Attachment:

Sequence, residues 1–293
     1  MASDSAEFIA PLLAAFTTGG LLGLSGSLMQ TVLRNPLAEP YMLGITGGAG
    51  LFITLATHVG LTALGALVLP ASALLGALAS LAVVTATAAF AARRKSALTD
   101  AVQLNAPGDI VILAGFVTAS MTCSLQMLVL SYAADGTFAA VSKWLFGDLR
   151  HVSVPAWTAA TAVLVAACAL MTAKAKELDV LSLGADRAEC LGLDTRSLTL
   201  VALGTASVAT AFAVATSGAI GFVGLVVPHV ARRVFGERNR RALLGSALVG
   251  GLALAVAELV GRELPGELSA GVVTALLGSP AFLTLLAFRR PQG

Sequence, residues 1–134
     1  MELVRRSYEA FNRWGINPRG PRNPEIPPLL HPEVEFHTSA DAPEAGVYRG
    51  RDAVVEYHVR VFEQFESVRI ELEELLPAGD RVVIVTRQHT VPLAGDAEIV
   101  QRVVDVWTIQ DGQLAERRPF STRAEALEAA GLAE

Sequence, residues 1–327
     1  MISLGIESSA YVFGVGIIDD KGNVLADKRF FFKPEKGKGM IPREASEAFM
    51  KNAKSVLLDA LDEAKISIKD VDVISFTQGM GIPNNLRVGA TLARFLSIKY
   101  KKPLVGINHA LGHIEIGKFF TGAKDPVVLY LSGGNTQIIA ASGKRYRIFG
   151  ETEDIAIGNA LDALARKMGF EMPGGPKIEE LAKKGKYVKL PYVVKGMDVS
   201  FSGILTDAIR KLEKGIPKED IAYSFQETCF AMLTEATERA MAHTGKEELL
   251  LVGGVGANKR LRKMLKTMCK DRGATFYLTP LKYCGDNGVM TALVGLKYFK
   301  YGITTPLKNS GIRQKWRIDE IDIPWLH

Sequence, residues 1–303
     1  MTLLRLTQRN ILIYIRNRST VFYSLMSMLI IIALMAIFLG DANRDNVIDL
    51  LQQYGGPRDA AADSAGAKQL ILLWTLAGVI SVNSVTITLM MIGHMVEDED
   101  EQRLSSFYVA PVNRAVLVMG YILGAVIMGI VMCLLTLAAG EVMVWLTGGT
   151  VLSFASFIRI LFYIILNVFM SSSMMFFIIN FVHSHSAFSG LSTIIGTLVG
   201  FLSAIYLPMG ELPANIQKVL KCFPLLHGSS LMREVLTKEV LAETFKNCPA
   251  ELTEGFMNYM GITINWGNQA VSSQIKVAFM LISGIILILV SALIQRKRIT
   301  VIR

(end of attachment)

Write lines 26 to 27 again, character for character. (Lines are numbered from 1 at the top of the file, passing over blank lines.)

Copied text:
   251  ELTEGFMNYM GITINWGNQA VSSQIKVAFM LISGIILILV SALIQRKRIT
   301  VIR